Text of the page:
Environmental Science and Pollution Research

, Volume 23, Issue 22, pp 22292–22308 | Cite as

Application of gas diffusion biocathode in microbial electrosynthesis from carbon dioxide

  • Suman Bajracharya
  • Karolien Vanbroekhoven
  • Cees J.N. Buisman
  • Deepak Pant
  • David P. B. T. B. Strik
Technoeconomic Perspectives on Sustainable CO2 Capture and Utilization

Abstract

Microbial catalysis of carbon dioxide (CO2) reduction to multi-carbon compounds at the cathode is a highly attractive application of microbial electrosynthesis (MES). The microbes reduce CO2 by either taking the electrons or reducing the equivalents produced at the cathode. While using gaseous CO2 as the carbon source, the biological reduction process depends on the dissolution and mass transfer of CO2 in the electrolyte. In order to deal with this issue, a gas diffusion electrode (GDE) was investigated by feeding CO2 through the GDE into the MES reactor for its reduction at the biocathode. A combination of the catalyst layer (porous activated carbon and Teflon binder) and the hydrophobic gas diffusion layer (GDL) creates a three-phase interface at the electrode. So, CO2 and reducing equivalents will be available to the biocatalyst on the cathode surface. An enriched inoculum consisting of acetogenic bacteria, prepared from an anaerobic sludge, was used as a biocatalyst. The cathode potential was maintained at −1.1 V vs Ag/AgCl to facilitate direct and/or hydrogen-mediated CO2 reduction. Bioelectrochemical CO2 reduction mainly produced acetate but also extended the products to ethanol and butyrate. Average acetate production rates of 32 and 61 mg/L/day, respectively, with 20 and 80 % CO2 gas mixture feed were achieved with 10 cm2 of GDE. The maximum acetate production rate remained 238 mg/L/day for 20 % CO2 gas mixture. In conclusion, a gas diffusion biocathode supported bioelectrochemical CO2 reduction with enhanced mass transfer rate at continuous supply of gaseous CO2.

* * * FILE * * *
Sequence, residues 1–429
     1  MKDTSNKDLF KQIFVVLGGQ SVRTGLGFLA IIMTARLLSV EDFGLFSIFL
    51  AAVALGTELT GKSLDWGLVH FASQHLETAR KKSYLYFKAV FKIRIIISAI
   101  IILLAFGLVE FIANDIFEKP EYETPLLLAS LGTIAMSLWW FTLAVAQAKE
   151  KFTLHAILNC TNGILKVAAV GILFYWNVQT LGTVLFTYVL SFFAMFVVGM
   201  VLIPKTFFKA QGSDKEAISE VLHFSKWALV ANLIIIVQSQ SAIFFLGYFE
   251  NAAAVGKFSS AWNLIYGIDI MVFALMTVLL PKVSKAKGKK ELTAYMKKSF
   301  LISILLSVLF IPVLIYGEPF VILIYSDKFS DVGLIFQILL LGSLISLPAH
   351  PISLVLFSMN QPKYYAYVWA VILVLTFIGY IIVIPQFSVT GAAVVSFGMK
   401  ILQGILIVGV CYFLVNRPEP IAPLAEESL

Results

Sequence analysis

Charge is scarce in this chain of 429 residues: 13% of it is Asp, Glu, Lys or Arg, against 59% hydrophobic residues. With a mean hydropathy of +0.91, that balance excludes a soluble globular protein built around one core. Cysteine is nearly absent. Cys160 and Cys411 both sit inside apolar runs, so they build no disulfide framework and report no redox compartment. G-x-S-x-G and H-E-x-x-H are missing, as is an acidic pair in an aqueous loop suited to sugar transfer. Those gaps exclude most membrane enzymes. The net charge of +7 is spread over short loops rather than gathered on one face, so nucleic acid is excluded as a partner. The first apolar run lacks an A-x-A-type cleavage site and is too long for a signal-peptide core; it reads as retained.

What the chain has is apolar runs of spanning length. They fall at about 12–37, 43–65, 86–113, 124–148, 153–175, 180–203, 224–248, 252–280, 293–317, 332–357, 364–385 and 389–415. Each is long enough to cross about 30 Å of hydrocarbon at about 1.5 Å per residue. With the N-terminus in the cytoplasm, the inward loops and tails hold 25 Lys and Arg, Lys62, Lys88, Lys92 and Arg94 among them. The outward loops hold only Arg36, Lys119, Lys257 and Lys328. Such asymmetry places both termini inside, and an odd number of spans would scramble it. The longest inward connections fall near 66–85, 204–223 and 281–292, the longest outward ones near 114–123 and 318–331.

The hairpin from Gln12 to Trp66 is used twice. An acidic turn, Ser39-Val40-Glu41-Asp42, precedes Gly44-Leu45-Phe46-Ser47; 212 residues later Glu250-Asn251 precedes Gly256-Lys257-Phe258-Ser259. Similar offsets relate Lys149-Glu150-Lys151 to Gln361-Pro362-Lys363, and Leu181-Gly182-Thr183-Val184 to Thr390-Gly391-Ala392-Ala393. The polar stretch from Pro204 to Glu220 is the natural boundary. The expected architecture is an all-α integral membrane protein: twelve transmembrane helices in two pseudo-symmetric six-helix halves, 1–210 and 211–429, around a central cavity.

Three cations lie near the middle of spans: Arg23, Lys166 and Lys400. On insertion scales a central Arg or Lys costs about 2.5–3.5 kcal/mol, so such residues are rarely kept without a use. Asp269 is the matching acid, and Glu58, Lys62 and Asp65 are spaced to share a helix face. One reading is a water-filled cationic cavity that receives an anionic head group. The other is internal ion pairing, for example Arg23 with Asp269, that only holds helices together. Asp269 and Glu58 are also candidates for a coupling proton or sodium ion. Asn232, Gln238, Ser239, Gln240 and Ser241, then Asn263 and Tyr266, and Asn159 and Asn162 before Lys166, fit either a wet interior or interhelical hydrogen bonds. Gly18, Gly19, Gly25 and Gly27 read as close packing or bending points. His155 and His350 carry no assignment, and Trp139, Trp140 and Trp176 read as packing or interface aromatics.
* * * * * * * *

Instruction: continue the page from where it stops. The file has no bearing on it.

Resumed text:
Graphical abstract

Keywords

Microbial electrosynthesis CO2 reduction Gas diffusion electrode Biocathode Autotrophic bioproduction 

Abbreviations

A/m2

Ampere per square meter

Atm

Atmosphere

CEM

Cation exchange membrane

CL

Catalyst layer

DO

Dissolved oxygen

GDE

Gas diffusion electrode

GDL

Gas diffusion layer

MES

Microbial electrosynthesis

kLa

Gas–liquid mass transfer coefficient

NaBES

Sodium 2-bromoethanesulfonate

PTFE

Polytetrafluoroethylene

PVDF

Polyvinylidene difluoride

rpm

Revolution per minute

SHE

Standard hydrogen electrode

OD

Optical density

VFA

Volatile fatty acid

Notes

Acknowledgments

The work was supported by a PhD grant to Suman Bajracharya from VITO’s strategic research funds. The authors acknowledge Mr. Shishir Kanti Pramanik for conducting the gas transfer experiments and taking samples from the reactor.

Supplementary material

11356_2016_7196_MOESM1_ESM.docx (95 kb)
ESM. 1(DOCX 94 kb)

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Copyright information

© Springer-Verlag Berlin Heidelberg 2016

Authors and Affiliations

  1. 1.Separation and Conversion TechnologiesFlemish Institute for Technological Research (VITO)MolBelgium
  2. 2.Sub-department of Environmental TechnologyWageningen UniversityWageningenThe Netherlands

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